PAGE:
May 4, 2012
Well, so it’s the end of the semester and of CCDC 2012. I must say that for me, this course has been, in some ways, an eye-opener. In combination with one of my other courses this semester, developed my interest in cognition and creativity from a computational point of view. Or of computation from a cognitive and creative point of view. Or both. Well anyway, as we end this semester, I’ll leave you with this silde-show that only I (and maybe my project team-mate) have ever seen completely:
MULTILINGUALISM, COGNTION, AND CREATIVITY
If you participated in the survey on language and executive functioning that Ellen mailed out to the class, you might be interested in that ppt.
That’s all, folks!
May 2, 2012
http://www.computationalmusic.com/ talks about research in computational theories of Indian Classical Music and has some examples of computer generated compositions in various ragas. Definitely worth a read and a listen.
May 2, 2012
On behalf of my project team (well it’s just two of us, Neha and I, but yeah that makes it sound like a big deal) I want to thank everyone in this class who responded to the survey about language and executive control: we got a surprisingly large number of responses, and it was great that you could spare the time during finals week.Thank you!
May 1, 2012
I realized that I had made a few posts about divergent thinking and that I never really posted anything that actually talked about divergent thinking and its significance. Also, owing to the principle of duality, you have probably figured that if divergent thinking exists, then so does convergent thinking. And you would be right.
Here’s an easy-to-read article that discusses both types of thinking and how they are believed to influence creativity.
In case you haven’t noticed, I’m a little, just a little, obsessed with the idea of convergent vs. divergent thinking.
April 30, 2012
Okay so while I’m at it, here’s something relevant (well, more than just relevant) to the project I’m working on for this course:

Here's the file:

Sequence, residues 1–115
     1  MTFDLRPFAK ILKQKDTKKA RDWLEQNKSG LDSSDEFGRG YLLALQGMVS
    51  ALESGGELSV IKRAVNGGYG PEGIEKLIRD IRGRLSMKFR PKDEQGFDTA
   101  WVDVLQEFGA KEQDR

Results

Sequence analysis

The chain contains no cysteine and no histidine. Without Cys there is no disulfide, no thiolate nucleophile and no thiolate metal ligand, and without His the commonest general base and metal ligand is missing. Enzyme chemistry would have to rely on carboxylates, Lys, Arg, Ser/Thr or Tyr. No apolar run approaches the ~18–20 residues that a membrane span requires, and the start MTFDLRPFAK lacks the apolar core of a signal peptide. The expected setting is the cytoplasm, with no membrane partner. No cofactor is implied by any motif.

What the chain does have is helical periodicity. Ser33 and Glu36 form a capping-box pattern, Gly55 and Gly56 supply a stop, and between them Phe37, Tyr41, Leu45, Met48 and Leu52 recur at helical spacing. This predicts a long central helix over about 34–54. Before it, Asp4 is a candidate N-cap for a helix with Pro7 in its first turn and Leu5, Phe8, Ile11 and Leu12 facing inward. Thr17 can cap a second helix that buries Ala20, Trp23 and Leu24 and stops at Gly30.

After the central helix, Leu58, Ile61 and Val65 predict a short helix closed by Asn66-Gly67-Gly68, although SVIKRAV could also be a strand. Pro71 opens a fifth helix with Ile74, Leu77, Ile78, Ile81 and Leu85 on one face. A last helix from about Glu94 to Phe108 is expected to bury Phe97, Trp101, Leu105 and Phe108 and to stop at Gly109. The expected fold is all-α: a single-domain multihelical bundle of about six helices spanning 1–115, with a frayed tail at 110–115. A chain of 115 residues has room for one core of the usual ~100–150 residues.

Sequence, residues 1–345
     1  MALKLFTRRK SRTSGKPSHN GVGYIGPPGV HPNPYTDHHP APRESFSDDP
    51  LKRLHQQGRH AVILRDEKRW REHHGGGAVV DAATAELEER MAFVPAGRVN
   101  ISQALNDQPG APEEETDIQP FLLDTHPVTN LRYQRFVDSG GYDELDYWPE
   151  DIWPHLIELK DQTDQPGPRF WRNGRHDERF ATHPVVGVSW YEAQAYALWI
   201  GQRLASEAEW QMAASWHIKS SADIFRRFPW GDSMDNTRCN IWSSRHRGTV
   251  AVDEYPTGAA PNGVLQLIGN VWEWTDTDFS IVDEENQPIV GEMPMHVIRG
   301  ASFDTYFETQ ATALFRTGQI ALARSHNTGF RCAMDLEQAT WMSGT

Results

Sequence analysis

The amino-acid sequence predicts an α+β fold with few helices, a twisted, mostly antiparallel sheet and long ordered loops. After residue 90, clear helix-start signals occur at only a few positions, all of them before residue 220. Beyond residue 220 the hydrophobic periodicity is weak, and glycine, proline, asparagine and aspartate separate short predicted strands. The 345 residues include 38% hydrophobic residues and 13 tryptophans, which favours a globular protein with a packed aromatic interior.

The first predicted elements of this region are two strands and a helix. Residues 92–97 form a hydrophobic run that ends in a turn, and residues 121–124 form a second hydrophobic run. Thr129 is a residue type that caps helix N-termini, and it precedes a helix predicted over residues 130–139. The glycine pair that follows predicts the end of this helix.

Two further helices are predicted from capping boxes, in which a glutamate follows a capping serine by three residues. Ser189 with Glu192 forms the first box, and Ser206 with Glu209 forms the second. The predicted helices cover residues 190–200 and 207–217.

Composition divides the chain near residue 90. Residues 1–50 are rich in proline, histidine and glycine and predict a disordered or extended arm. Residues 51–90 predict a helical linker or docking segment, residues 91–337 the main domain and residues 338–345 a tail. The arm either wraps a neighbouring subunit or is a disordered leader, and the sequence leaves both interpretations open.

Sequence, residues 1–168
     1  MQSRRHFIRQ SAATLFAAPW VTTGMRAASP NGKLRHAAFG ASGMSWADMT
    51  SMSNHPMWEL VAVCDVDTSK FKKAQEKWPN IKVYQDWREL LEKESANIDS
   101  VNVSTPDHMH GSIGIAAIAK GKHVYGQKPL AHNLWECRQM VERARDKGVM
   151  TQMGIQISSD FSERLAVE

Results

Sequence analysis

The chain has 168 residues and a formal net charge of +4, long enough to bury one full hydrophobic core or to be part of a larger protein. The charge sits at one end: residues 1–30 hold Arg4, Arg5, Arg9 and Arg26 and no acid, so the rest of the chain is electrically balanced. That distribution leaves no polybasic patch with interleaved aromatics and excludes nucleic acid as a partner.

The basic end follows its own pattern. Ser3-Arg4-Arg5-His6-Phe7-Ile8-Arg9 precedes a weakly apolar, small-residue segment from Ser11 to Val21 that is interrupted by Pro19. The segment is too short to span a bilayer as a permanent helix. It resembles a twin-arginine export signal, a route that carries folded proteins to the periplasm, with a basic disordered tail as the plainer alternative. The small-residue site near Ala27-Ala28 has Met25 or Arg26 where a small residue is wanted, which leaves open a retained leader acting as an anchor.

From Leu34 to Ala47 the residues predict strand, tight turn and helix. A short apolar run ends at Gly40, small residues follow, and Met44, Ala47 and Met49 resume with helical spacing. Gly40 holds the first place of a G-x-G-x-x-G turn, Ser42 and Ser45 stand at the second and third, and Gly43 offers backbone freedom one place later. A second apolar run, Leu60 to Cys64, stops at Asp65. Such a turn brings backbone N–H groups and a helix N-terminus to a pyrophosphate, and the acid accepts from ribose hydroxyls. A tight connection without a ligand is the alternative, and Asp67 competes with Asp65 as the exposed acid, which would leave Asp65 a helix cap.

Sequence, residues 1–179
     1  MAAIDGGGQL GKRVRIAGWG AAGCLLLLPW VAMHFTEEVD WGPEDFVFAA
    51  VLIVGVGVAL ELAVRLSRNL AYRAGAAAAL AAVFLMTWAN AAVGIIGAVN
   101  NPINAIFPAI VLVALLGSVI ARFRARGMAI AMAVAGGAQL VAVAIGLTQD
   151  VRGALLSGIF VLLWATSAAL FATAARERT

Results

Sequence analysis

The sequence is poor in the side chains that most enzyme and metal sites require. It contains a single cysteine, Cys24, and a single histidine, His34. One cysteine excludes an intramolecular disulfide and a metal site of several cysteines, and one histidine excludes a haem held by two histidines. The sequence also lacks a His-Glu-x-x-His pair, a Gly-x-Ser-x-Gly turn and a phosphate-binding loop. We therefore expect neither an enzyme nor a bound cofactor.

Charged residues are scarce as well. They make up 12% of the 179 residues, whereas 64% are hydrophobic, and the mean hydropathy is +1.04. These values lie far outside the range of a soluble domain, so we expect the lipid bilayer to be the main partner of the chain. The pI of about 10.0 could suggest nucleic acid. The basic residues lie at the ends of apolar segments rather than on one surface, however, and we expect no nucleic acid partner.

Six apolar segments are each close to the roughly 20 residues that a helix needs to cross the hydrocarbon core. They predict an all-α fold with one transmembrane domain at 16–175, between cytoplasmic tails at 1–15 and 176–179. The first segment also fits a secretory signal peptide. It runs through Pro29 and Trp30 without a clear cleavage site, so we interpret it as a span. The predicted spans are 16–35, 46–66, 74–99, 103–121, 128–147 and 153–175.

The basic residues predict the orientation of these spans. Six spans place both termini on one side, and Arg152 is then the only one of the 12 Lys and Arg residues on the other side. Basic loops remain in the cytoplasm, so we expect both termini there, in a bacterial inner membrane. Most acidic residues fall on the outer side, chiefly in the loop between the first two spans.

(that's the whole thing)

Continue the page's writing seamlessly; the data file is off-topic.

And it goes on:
This is a paper that reports studies on monolingual and bilingual people, and their divergent thinking abilities. This is exactly what my project for this course is all about, so it’s interesting to me. That doesn’t mean it has to be interesting to anyone else, but it’s not the longest of papers.
April 30, 2012
Well after looking for stuff on caffeine and creativity, I did not just have some coffee and get back to my take-home final (sigh) but also decided to see what sleep (or the lack of it) does to creativity. So here goes,
April 30, 2012
I was going to get some caffeine into myself before resuming work on a take-home final, when it suddenly struck me to see if there were any views on caffeine and creativity in particular. I thought this paper was rather interesting because it also touches on alcohol: something that has been studied earlier in this very course. It’s about divergent thinking in general and not just creativity in any fixed sense, and it’s an interesting read for caffeine addicts, which most of us probably are.
April 26, 2012
Inspired by a talk in one of my classes today, I was looking for stuff on biologically inspired design, and this is what I found: A TEDx talk by a Georgia Tech professor.
Inspirations for creativity and design are drawn from nature quite often, and this is a talk on bio-inspired design, education, and where the two meet.
April 25, 2012
This is rather old now (the article I mean: obviously the paintings it talks about are a little more than “rather” old), but I think it’s an interesting historical piece of trivia anyway. It’s an article describing (not in any great detail) what could be the oldest discovered evidence of humans painting. What is most interesting about these paintings is that they are neandrethal paintings: neandrethals were believed to be lacking in any sort of artistic creativity, and supports the growing view that these ancient humans were in fact quite creative.